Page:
Parasite Hunting

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Tracking the exploits of Katrina Lohan and Kristy Hill, two marine biologists scouting for microscopic oyster parasites from Chesapeake Bay to Panama.

 

From the Field: Arriving in Panama

Thursday, December 13th, 2012

by Kristy Hill

Panama skyline (Kristy Hill)

I arrived in Panama City at 10 p.m. Saturday night, and as the plane started its descent into the city, my eyes widened at the sight of the city lights. It looked as if Clark Griswold had bedecked the entire city with Christmas lights! Tall buildings flashed extravagant multicolored light shows. I started getting that flutter of excitement in my stomach. I was about to spend two amazing weeks in Panama doing the science that I love!

I got through immigration and customs without incident despite my inability to speak Spanish well (yo hablo muy poco español). At any rate, I found my shuttle driver holding a sign with my name on it, so I felt pretty special as we walked out into hot and humid Panama.

My driver, Victor, showed me wonderful Panamanian hospitality. Luckily he spoke English very well and gave me a tour of the city on our way to the hotel. He recommended some places for us to visit if we had free time, and we talked about his experiences scuba diving in the Caribbean.

I arrived safe and sound at the hotel, where I managed to wake Katrina, who was already fast asleep with visions of sugar plums dancing through her head as I fumbled with my suitcases. I climbed into bed as well shortly thereafter and dreamt of Panamanian oysters dancing in my head…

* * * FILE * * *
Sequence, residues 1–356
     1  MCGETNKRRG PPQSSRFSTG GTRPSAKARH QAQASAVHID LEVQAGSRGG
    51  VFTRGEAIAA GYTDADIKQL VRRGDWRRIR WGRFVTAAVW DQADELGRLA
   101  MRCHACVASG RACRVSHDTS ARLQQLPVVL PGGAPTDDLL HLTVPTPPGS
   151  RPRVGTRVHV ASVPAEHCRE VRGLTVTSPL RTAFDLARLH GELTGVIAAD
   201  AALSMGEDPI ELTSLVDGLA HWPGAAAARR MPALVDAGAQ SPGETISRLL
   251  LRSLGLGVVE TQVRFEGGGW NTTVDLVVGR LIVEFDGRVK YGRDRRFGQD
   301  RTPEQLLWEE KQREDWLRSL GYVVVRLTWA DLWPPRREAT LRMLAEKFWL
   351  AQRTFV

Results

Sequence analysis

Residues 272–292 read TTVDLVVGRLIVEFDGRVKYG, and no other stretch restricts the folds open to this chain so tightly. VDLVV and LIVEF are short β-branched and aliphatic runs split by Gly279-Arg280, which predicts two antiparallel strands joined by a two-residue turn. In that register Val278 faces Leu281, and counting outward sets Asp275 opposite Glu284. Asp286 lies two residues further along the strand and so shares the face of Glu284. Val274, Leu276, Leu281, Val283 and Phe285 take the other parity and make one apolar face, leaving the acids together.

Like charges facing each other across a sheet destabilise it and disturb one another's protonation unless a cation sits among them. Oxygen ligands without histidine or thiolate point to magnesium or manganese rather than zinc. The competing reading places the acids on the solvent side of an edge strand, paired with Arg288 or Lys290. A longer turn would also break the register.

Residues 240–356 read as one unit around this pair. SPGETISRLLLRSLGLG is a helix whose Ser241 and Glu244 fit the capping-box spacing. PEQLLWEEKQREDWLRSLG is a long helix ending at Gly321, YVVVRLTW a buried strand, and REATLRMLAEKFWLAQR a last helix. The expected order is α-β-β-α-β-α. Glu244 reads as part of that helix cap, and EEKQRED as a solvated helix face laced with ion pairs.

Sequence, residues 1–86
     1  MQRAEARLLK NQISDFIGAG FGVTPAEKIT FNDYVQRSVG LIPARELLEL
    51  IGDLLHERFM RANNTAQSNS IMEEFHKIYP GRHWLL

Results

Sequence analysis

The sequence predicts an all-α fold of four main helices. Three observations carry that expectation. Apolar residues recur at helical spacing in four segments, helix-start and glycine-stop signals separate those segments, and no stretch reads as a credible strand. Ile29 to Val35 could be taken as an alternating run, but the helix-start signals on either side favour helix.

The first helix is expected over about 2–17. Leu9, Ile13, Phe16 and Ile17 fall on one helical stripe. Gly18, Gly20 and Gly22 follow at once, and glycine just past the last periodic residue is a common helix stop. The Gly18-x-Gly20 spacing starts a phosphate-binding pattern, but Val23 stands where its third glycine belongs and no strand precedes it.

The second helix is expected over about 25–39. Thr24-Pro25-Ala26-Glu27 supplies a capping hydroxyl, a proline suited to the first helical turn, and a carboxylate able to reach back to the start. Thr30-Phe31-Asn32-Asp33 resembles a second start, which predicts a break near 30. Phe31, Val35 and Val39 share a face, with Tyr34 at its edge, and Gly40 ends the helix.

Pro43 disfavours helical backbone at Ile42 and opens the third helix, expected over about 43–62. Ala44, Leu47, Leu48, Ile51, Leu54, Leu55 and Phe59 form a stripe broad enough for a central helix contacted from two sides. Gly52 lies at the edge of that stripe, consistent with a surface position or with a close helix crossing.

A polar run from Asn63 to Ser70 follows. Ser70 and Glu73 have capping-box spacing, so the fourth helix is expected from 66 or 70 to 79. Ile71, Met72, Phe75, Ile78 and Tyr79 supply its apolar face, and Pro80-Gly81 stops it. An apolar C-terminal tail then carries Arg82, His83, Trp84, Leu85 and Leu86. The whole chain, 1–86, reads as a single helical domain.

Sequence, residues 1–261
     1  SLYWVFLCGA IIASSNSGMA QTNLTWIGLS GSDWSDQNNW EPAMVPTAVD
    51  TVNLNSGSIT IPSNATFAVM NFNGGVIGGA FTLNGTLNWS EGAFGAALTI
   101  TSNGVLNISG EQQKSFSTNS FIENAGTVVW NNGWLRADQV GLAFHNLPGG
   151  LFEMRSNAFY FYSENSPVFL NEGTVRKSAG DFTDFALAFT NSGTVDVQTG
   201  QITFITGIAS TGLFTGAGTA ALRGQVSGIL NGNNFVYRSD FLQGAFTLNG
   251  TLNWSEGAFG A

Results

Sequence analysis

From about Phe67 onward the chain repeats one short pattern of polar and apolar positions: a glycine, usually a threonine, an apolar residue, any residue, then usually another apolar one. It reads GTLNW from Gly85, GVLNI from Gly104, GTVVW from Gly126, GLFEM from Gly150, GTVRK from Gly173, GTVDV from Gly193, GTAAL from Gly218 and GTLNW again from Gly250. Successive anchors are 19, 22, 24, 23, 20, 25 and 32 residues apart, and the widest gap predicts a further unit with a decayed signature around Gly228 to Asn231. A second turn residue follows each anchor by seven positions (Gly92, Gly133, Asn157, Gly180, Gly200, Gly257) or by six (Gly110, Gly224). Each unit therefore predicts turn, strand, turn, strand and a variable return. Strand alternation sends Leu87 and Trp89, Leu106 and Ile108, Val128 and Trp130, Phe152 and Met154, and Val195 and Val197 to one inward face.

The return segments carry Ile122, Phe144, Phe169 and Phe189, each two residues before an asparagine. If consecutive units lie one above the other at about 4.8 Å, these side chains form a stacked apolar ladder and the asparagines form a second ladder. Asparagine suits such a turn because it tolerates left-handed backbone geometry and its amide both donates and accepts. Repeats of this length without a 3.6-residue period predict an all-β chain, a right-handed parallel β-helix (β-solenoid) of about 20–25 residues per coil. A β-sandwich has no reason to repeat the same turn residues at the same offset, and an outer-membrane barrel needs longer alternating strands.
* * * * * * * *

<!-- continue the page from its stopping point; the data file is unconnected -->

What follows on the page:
Buenas noches!

From the Field: Game Plan for Panama

Thursday, December 6th, 2012

by Kristy Hill, SERC marine invasions technician

Katrina Lohan packs rubber gloves, Ziploc bags and other field essentials for a science expedition. (Kristy Hill)

Katrina and I leave for Panama City in next week, so we’re gathering supplies and mapping out our game plan. We’re stoked to get this project rolling—beautiful surroundings and mandatory snorkeling in the tropics won’t be such bad work!

The critters we’re looking for grow on coral reefs, mangrove roots, sponges, pilings, sea walls and rocks. Our goal is to collect at least 50 to 60 oysters of three or four different species from three sites along the Caribbean coast. At each site, we’ll take water quality measurements such as salinity, temperature and oxygen content. We’ll take additional notes about the oysters’ habitats, such as their distance from the shore, the depth of the water, their proximity to ports or marinas, etc. We want to obtain as much data (or information) as possible so we can better understand the environment where the oysters and their potential parasites live.

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From the Field: Hunting for Parasites

Wednesday, December 5th, 2012

by Katrina Lohan, Smithsonian Environmental Research Center and National Zoo postdoc

Many people cringe when they hear the word “parasite”—not Katrina Lohan and Kristy Hill. Combined, the two of us have spent 12 years conducting research on parasites that infect bivalves (oysters, clams, mussels, etc.), crustaceans (crabs, shrimps, lobsters, etc.), and songbirds. We are both passionate about studying marine parasites and want to better understand how parasitism impacts marine animals. For the next few months, we’ll be searching for these parasites in waters all along the east coast of North America, from Maryland to Panama.

Katrina Lohan (right) and Kristy Hill are preparing to scour the coasts of North America for marine parasites infecting oysters and other shellfish. (Kim Holzer/SERC)

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